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Awaken your child to ‘care’ this holiday season

Instagram, Facebook, Vine, YouTube, Vimeo, Snapchat, Netflix, microwaves, drive-thrus, the list goes on. These are just a few commodities that are shaping our young people today. The results: instant gratification, instant attention, over stimulation, information overload, inactivity, shorter attention spans, lack of face-to-face communication and so on.

While there are plenty of negatives shaping our youth, we also see that young people today can be considered industrious, team-oriented and curious. They strive to be entrepreneurs, researchers, visual communicators, multitaskers and experts. This generation has a unique upbringing: And awakening their “care” during this holiday season will take some effort.

So what can we do to awaken the care?

Share a social cause they can help fight for. It will be important for you to know your child and find something that he or she is going to be curious about. Maybe it’s hunger, homelessness, animal welfare or the environment that sparks interest. There are many avenues you can take.

Research it together. This generation is accustomed to multiple forms of research. You can watch YouTube videos together that give facts and tells stories or you can find infographics with quick statistics. Brainstorm with your child about different ways to solve the issue, letting your child be part of the planning process. Young people have an internal desire to be experts, in control and to start something new — so feed that desire in a positive way by empowering them.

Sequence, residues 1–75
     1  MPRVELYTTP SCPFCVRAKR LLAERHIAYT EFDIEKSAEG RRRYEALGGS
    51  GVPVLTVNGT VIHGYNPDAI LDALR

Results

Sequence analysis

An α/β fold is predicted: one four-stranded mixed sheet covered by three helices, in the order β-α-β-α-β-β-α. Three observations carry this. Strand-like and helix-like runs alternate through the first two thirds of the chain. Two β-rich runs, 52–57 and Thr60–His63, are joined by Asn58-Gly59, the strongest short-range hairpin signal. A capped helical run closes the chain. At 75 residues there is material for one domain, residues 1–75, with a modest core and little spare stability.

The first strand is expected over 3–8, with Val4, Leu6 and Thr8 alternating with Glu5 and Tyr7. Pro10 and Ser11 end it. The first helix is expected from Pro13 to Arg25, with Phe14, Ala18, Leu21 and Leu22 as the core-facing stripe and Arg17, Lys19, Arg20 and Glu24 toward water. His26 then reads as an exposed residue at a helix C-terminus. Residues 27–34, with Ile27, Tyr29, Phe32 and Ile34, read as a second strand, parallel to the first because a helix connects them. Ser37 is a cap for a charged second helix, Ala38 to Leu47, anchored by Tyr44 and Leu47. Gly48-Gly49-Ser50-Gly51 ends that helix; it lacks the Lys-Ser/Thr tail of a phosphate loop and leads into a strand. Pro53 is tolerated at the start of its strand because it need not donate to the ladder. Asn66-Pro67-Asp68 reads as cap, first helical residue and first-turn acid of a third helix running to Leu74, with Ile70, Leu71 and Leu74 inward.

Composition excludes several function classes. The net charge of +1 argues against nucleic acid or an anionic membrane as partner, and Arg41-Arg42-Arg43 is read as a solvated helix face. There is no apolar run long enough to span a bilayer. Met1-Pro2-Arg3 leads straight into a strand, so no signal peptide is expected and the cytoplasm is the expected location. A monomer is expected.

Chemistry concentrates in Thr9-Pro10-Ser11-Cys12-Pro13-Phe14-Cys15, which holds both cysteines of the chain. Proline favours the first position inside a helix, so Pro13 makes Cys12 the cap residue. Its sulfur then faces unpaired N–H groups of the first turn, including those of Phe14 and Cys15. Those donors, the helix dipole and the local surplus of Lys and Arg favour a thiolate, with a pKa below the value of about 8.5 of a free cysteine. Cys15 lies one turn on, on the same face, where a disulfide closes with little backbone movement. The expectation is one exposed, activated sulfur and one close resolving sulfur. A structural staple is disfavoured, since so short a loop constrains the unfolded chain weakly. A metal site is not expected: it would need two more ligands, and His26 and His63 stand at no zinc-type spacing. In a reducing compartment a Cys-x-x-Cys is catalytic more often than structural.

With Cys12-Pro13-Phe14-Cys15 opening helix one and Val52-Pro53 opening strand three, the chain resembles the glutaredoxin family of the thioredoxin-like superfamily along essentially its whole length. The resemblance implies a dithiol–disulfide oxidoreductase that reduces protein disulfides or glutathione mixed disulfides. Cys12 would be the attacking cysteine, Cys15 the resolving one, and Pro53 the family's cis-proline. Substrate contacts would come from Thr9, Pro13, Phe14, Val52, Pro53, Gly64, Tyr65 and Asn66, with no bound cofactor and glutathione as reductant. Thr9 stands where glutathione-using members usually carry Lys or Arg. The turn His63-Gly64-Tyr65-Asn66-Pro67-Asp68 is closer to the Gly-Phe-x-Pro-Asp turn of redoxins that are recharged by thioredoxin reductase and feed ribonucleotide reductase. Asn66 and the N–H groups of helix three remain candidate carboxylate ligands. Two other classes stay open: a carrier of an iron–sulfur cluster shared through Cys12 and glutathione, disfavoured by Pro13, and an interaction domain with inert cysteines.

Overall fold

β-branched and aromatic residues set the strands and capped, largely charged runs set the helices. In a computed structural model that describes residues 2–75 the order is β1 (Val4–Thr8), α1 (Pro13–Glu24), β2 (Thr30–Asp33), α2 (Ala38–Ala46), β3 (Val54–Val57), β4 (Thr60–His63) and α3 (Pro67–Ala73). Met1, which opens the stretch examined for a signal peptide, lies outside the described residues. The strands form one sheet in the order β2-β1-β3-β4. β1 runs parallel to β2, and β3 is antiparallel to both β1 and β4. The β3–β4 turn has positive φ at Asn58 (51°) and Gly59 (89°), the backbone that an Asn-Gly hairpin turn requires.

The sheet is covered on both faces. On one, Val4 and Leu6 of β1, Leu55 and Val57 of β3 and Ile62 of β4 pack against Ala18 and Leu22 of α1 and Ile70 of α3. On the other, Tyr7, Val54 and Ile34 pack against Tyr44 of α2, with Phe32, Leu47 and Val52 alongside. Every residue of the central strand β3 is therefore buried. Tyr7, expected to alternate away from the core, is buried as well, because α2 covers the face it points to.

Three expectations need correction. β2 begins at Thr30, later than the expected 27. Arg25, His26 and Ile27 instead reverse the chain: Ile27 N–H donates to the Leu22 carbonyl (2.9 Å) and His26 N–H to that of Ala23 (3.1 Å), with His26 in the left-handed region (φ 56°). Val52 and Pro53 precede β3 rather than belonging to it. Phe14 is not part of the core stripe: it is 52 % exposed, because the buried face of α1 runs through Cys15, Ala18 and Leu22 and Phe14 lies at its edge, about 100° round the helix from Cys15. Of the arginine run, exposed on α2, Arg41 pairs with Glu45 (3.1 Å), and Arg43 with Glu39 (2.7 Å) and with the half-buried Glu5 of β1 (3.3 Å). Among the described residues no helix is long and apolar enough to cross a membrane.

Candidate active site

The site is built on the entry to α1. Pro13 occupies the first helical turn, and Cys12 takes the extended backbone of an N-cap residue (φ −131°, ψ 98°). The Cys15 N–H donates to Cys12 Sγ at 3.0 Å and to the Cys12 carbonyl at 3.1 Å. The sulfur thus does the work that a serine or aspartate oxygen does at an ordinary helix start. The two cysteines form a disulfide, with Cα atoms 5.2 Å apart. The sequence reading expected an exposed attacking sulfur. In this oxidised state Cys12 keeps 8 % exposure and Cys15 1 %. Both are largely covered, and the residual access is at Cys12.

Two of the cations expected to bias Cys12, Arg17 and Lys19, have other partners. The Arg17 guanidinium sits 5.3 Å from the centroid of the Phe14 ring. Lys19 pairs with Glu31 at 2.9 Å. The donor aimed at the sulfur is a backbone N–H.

Give them hands-on experience. If you start with this one, you may find that your child will be unimpressed, annoyed and distant because you have not done the work to peak their interest. If you start with Nos. 1 and 2, then you will have better results.

Share your experience. Take pictures during of your experience and have your child share them. They can post or text them, or even take a video and put it on YouTube.

Process happened without an electronic. Ask your child what he or she posted about earlier, then listen. Build off what she shares with you by asking open-ended questions. This piece can be difficult, but this face-to-face processing is a necessary skill to learn. The more you do it, the easier it becomes.

Now repeat, often. We all learn by repetition so if you want your child to care, be the example. Do the work, and lead them well! The result will be better than what you think and others will be blessed because of it.

Jennifer Daugherty is the next generation pastor at Freedom Life (Centre County). This column is provided by the Communities That Care Prevention Coalition of Centre County serving Bald Eagle, Bellefonte, Penns Valley, Philipsburg-Osceola and State College Area School Districts.

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